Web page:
There is a vast pool of local musicians constantly starting bands, quitting some bands and staying too long in others. Here are some capsule reviews of local bands or some of the usual suspects that play the area with some frequency.
Janiva Magness & Jeff Turmes - "It Takes One to Know One"
This husband and wife team plays as a duo or with a band, and occasionally in the Valley. Don't miss them. Turmes has a hefty resume as a blues guitar player, but he's also a gifted (and very funny) songwriter in his own right. And Magness can belt out a song with speaker-threatening intensity. She's also the one that plays a rub board (with built-in breasts), and she also kicks in some choice kazoo solos. "Good Car" is the best car song that's really about sex that's come along in a while, and "She Holds a Grudge" is about that annoying ex and her mother of all grudges that is as big as the port of Los Angeles. Nothing close to a bad cut on this one.
Next gig: July 11 at Smokin' Johnnie's in Studio City.
Catfish Hodge - "Bare Necessities" (Chicken Legs Music)
This is the 22nd album for Catfish, with a repertoire larger than the fish that drunken Uncle Bob swears is bigger than Moby Dick. Bare necessities indeed--this album features just the Catfish, his acoustic guitar and a bunch of funny blues songs. The Catfish moans, groans, howls, holds a note for about a month, then whispers like a librarian at a Prozac convention. "Drive My Car" is yet another car tune that's really about sex. In and out of bands and with 30 years' experience on the road, the Catfish has plenty of stories to tell that will leave you huffing and puffing like a bass on the pier.
Hand to Mouth - "Texas Bars & Battle Scars" (Oasis)
This Austin-based trio joined the other half of the population of the Lone Star State out West by relocating to California last September. Actually, guitar player Britt Phillips is a real Valley guy, so he's just moving back home. According to their bio, the band has already sold 3,000 copies of this album. It's hard to see why. This is nothing but generic blues you could see in any one of a million bars. The singing is average. The playing is average. Hey, the Average Blues Band, or perhaps the Former Average Blues Band as the Texans reportedly have returned home.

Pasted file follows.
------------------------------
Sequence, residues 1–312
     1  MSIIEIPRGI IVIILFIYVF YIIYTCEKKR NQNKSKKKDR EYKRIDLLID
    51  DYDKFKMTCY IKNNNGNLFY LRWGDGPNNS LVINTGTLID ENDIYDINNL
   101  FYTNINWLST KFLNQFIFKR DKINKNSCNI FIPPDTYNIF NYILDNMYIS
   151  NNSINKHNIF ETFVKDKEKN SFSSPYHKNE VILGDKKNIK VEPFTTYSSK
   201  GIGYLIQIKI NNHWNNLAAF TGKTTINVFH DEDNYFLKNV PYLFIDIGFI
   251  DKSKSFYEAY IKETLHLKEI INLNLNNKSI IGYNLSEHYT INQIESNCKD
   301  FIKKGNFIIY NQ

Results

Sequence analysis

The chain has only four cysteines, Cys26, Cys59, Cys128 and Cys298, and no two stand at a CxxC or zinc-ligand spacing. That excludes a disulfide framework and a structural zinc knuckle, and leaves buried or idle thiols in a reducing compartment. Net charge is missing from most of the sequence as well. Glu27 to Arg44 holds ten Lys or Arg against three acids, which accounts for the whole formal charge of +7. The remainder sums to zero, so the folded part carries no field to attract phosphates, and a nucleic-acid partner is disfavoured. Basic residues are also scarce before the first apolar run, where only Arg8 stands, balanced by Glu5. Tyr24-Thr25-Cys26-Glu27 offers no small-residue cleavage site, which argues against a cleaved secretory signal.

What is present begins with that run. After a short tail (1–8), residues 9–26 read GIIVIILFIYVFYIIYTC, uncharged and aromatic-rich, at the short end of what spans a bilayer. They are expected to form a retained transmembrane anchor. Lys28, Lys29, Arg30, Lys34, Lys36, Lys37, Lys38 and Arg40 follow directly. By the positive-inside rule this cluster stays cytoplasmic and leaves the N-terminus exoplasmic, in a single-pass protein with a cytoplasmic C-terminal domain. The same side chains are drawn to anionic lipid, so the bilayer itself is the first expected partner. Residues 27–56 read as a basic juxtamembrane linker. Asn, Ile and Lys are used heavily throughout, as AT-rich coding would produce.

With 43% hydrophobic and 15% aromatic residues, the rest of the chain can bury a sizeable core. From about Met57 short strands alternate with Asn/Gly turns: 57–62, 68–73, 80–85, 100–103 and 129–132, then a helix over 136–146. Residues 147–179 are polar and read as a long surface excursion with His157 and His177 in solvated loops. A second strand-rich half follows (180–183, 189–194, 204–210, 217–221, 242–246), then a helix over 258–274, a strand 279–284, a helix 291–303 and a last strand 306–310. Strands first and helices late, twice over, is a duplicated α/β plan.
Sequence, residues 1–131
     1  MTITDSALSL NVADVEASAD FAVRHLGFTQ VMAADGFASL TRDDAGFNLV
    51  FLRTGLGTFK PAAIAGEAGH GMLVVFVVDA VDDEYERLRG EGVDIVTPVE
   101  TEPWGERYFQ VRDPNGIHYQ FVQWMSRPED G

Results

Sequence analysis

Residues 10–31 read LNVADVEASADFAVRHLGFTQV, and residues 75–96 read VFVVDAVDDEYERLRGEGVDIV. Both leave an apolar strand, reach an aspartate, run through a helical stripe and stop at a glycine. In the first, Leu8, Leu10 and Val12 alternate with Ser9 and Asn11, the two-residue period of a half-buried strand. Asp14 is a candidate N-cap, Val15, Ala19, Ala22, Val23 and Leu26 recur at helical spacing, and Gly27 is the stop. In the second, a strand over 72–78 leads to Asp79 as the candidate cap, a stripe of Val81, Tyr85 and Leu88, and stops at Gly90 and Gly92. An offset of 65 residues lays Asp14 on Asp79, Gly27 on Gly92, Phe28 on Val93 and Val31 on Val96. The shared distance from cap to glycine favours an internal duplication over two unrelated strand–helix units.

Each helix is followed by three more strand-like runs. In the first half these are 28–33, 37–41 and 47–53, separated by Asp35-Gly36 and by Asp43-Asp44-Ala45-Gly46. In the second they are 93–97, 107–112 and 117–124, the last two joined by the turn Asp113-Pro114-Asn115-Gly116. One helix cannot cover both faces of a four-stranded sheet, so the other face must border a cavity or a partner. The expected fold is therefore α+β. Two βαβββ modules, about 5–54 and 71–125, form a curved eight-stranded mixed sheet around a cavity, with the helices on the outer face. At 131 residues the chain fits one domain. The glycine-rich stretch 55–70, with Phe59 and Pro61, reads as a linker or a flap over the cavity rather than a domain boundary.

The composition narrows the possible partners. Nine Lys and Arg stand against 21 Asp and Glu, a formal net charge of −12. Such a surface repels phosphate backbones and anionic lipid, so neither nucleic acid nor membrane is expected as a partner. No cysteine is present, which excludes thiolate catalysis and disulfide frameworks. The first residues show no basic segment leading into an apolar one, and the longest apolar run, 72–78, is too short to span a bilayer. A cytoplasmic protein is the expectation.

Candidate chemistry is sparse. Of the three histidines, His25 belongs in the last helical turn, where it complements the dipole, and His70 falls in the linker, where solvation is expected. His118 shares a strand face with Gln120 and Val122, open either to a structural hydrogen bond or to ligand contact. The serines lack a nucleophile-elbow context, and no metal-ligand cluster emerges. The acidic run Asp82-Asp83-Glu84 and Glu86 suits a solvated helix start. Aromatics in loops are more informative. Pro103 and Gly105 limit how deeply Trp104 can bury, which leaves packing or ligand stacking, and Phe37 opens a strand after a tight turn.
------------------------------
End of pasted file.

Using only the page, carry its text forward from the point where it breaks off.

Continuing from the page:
GRADE - C minus.
Wendy Bucklew - "Asleep in the Swing"
Bucklew is a Santa Barbarian who relocated to Atlanta a decade ago to go to school, took up performing and ended up touring with those Indigo Girls. Usually just a girl with big hair, a bigger voice and an acoustic guitar, Bucklew belts out relationship (or lack of same) songs with Richter scale intensity. This blond may not be having that much fun, but she did take good notes. This is Bucklew's third album, and she'll be starting a nationwide tour with a band this week beginning in Georgia.
Next gig: July 24 at The Mint in Los Angeles.
Carrie James Band - "Midnight Road" (Back Door Records)
The Reseda-based James plays those rockin' blues, using to great effect that classic blues voice that is part sweat and part smoke. James has been singing since the ripe old age of 6 and was influenced by the likes of Muddy Waters, Aretha Franklin and Etta James. Keeping up step for step with James' vocal pyrotechnics is guitar player Ronnie Lee, who offers plenty of mean but not overlong licks. Seven of these are James originals, and all are of the good dancin' blues variety.
Next gig: July 24 at the Season Ticket in Simi Valley.
Carl Verheyen - "Slingshot" (Mighty Tiger)
One of the best guitar players you've never heard of, Verheyen is an accomplished studio musician with credits longer than this whole section. This is his fourth solo album and he surrounds himself with able players. The music is mostly blues, but other times he goes off beyond Deep Space Nine to places where even Eric Johnson hasn't been. Verheyen is one of those players that attracts a serious amount of serious note-takers wondering "How'd he do that?"
GRADE - B+
The Fatt-Back Bluesman: Yusef Olaitan - "Solo Sampler" (Fatt-Back Unlimited)
One good thing about being a one-man band is that it's easy to split the dough at the end of the night. The Fatt-Back Bluesman, as he prefers to be called, concocts some foot-tapping originals, plus chooses some covers by some of the greats such as Muddy Waters and B.B. King. An acoustic slide guitar gives the whole thing a Mississippi Delta sound, although Olaitan is actually from Bakersfield, a place that would depress the Optimists Club.
Jason Luckett - "Distil" (Farren Music)
Luckett is a folk singer who has learned a lot of adjectives to describe all those dysfunctional relationships that are responsible for so many songs. Bad significant others make for good songs, and Luckett gets emotional for the usual reasons at the right places. He's got a pleasing voice, and that never hurts.
Next gig: June 26 at Borders in Thousand Oaks.